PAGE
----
Chinese live-broadcast platforms expanding into Belt and Road countries
Molka Mazghoun is a young woman with a PhD from the city of La Marsa in Tunisia. She now lives in
Kwangju in South Korea and works in a university teaching computer coding. However, she has a part-time job as an online anchor.
She broadcasts live feeds for around two hours a day through the smart phone app 7Nujoom, which was developed by a Chinese company. Mazghoun has already gained more than 10,000 followers, and most of them are from Saudi Arabia, Egypt, Algeria and Syria.
She plays various card games online with her fans and also watches her fans challenging each other when she is live. In addition, she plays music for the challengers. “[Broadcasting on] 7Nujoom for me is like an academy to improve my capacities in a joyful way,” she said, adding that she makes extra money by doing this.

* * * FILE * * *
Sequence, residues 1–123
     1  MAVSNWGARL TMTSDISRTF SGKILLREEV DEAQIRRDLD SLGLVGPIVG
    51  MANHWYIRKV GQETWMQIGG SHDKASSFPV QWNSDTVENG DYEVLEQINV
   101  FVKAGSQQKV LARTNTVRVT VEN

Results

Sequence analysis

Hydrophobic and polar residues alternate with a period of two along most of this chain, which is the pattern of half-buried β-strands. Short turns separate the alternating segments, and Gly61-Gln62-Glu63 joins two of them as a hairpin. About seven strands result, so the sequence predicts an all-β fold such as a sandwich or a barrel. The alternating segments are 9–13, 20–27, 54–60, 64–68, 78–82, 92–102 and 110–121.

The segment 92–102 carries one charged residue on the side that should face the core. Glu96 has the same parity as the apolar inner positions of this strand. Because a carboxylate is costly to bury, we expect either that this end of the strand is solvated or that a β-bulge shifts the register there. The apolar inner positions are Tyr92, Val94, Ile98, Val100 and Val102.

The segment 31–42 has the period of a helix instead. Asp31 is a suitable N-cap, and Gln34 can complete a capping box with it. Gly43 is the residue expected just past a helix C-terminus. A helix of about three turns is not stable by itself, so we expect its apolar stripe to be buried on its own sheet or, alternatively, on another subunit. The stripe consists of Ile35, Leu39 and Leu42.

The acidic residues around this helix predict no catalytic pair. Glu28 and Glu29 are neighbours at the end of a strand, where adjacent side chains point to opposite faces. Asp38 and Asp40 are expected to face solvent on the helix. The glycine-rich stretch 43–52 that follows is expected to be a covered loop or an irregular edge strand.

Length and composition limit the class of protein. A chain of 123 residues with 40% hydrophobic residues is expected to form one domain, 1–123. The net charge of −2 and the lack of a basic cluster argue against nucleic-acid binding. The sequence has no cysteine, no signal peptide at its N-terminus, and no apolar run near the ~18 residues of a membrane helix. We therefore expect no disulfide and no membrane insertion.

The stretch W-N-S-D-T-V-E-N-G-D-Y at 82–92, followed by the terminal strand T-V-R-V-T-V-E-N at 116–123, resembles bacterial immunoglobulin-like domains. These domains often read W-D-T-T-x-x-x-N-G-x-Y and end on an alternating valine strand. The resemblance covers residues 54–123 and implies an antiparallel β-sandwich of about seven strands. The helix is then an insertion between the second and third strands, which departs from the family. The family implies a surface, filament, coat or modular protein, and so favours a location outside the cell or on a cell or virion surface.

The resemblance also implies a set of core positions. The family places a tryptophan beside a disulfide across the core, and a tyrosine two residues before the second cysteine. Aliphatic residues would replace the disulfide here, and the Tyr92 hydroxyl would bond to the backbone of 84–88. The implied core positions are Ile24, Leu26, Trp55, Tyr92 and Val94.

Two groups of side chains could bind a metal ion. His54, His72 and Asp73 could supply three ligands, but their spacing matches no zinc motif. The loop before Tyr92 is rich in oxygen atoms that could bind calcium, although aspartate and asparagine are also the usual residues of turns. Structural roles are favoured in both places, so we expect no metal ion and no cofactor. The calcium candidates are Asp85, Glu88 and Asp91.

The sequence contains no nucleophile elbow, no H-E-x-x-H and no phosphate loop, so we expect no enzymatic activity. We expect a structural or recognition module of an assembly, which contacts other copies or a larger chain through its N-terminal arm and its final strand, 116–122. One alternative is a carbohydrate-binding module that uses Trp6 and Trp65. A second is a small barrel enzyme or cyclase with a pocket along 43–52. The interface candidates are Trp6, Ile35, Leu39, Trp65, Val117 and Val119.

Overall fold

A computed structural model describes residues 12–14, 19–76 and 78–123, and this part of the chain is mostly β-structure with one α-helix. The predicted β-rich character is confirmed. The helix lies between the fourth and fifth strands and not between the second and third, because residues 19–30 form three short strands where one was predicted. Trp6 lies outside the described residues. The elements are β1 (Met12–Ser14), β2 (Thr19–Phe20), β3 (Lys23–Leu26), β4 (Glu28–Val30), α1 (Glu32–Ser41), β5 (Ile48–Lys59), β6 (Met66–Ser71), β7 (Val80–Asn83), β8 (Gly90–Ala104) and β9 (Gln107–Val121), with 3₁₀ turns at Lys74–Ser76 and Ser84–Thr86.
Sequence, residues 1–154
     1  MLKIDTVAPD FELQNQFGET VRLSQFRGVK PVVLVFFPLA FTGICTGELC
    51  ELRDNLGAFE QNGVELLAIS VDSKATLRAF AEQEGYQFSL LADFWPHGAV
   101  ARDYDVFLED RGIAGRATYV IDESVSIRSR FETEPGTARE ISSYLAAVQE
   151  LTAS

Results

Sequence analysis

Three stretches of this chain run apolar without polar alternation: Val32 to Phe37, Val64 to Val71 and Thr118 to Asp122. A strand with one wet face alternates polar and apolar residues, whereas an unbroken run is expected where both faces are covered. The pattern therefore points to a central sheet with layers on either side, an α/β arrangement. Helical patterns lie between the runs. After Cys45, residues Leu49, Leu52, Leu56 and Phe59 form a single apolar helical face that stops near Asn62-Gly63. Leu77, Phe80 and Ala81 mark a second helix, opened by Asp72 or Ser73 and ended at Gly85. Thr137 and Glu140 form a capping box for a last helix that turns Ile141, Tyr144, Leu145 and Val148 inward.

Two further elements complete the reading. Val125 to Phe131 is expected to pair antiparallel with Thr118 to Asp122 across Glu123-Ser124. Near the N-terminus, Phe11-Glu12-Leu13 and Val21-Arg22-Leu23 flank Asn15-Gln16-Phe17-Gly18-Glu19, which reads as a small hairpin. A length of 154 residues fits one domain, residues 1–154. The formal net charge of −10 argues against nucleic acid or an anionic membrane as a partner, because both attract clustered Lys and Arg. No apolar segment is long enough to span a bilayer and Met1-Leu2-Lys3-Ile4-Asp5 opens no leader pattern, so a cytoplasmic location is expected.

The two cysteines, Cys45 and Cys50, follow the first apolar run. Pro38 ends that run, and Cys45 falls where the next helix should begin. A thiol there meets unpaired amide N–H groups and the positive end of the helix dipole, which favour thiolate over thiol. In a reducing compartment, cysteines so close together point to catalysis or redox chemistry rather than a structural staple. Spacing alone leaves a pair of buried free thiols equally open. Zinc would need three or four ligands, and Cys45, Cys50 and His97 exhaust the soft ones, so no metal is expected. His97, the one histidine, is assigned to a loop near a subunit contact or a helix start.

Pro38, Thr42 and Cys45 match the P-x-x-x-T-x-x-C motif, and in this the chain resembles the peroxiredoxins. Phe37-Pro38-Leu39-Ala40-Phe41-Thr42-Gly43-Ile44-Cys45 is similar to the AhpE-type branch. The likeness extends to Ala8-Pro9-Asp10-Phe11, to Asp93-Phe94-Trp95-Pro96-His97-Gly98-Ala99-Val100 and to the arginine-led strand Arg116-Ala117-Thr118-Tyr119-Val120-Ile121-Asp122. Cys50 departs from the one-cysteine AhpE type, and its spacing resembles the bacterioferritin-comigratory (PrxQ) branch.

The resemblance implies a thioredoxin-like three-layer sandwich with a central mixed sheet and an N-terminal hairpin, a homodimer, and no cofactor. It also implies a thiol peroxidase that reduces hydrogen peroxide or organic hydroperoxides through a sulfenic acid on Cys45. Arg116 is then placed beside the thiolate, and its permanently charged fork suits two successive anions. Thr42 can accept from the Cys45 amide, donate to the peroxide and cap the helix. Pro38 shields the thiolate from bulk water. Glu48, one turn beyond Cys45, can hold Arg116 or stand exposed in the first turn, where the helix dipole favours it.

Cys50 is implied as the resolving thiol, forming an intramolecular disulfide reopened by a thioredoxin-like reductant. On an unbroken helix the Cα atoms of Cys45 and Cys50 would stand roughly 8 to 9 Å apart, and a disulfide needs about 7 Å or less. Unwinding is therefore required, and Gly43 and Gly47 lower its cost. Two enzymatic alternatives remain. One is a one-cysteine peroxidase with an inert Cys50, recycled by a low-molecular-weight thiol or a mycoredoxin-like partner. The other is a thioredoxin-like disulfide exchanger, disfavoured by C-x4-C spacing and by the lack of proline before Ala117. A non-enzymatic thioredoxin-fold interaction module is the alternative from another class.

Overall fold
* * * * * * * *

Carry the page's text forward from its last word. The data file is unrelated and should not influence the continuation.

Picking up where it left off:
Mazghoun is one of the anchors taking advantage of Chinese live-broadcast platforms in the Belt and Road countries. According to research done in June by Tencent Research Institute, a social science research institute founded and supported by Chinese Internet giant Tencent, Chinese live-streaming platforms mainly go abroad to 12 Belt and Road countries in areas such as Western Asia, Northern Africa and Southeast Asia. The top three download countries are Indonesia, Malaysia and Saudi Arabia; the top three countries with live-streaming payments are Saudi Arabia, Indonesia and Thailand. There are 11 Chinese live-broadcast platforms that have gone abroad, and eight of them went to Belt and Road countries in Western Asia, Northern Africa and the Middle East.
Living in a foreign world